In the pre-dawn morning, just after the dog was fed and the first pot of coffee brewed, I switched on the Eagle and took a quick spin down the 40 meter band. Nothing. Dead. Quiet. 80 meters revealed considerable activity and I was a relieved to have some evidence that the antenna was still standing.
Since I was going lower anyway, I decided to listen on 160 – the TopBand. Wow. Lots of signals, all calling CQ TEST. A quick check online confirmed that this weekend was the CQ 160 CW Contest.
My antenna is actually short for 80 meters, nowhere near what’s required for 160. But the auto-tuner in the Eagle is nothing if not forgiving and a fellow can only listen to so many CQ’s without giving in to temptation.
For forty-five minutes I managed to search and pounce on eight different stations in seven different states for a whopping total of 56 points. But I was pleased to work stations in WI, VA, WV, SC, TN, KY, and AR with practically no antenna as I don’t have many states confirmed on 160.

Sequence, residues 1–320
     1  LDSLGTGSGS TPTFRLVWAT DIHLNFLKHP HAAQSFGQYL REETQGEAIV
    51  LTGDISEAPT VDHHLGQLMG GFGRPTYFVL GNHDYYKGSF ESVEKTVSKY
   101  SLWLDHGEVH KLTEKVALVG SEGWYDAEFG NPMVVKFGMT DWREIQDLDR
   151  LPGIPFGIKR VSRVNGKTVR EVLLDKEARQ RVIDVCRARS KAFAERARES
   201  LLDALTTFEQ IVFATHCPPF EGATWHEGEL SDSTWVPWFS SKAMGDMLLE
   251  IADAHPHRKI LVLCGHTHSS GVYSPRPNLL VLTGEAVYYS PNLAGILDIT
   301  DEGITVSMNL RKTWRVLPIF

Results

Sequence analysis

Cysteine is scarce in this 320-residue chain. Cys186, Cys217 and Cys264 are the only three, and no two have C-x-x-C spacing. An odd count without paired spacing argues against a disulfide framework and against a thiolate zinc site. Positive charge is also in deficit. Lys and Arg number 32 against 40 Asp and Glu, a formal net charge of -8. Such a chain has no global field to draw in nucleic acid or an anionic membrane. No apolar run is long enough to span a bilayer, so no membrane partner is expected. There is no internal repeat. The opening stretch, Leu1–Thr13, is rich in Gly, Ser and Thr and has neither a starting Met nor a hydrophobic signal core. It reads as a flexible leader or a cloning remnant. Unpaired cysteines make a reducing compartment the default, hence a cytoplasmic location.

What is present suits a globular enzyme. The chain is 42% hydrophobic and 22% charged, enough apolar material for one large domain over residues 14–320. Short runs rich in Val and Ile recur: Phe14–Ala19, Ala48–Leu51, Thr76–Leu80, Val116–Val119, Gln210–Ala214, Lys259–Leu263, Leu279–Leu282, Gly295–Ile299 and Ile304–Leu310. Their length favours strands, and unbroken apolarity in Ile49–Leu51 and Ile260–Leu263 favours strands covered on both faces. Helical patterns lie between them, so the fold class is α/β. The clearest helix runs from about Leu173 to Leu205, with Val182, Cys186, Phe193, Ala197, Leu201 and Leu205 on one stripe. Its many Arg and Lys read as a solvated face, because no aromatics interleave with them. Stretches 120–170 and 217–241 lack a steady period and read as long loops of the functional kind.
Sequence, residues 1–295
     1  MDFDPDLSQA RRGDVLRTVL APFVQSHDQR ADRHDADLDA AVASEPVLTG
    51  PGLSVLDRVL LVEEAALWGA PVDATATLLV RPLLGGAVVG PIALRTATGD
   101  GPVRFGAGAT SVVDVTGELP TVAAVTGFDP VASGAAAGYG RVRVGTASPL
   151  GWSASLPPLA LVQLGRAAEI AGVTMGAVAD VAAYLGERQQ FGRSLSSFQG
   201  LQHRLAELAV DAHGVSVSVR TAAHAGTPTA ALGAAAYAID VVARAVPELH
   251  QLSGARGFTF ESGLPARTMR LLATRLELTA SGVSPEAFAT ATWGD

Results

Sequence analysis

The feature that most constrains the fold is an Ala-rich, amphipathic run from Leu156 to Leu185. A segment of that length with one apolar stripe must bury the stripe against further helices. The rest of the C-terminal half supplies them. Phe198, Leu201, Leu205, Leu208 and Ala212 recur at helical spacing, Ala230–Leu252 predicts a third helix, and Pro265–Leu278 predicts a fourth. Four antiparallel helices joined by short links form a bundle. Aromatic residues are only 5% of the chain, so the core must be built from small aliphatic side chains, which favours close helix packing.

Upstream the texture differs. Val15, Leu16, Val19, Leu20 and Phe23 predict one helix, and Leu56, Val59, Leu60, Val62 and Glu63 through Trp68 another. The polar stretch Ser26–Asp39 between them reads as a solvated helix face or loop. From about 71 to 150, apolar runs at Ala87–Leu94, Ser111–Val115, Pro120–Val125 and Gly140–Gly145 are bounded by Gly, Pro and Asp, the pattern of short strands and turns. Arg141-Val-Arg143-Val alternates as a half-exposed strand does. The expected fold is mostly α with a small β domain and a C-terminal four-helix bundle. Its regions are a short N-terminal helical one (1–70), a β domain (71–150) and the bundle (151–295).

As darkness gave way to dawn, I could hear the CQ’s sliding lower in the noise and decided not to push my luck and thought it poor form to make these guys work hard to hear my peanut-whistle. I popped back up to 40 meters where activity had started picking up and promptly worked a YN4 at 7011.
But the moment had passed and I was ready for more coffee. I pulled the switch and mopped up the paperwork with a fresh cuppa. That was enough radio for me today. I’m never going to be one of those operators with 20 or 30 thousand contacts in the log. An hour of chair time is a long time for me — three or fours hours an eternity.
Still, wading into a contest with no ambition towards a particular score is a fine business way to begin a Sunday morning in my log-book.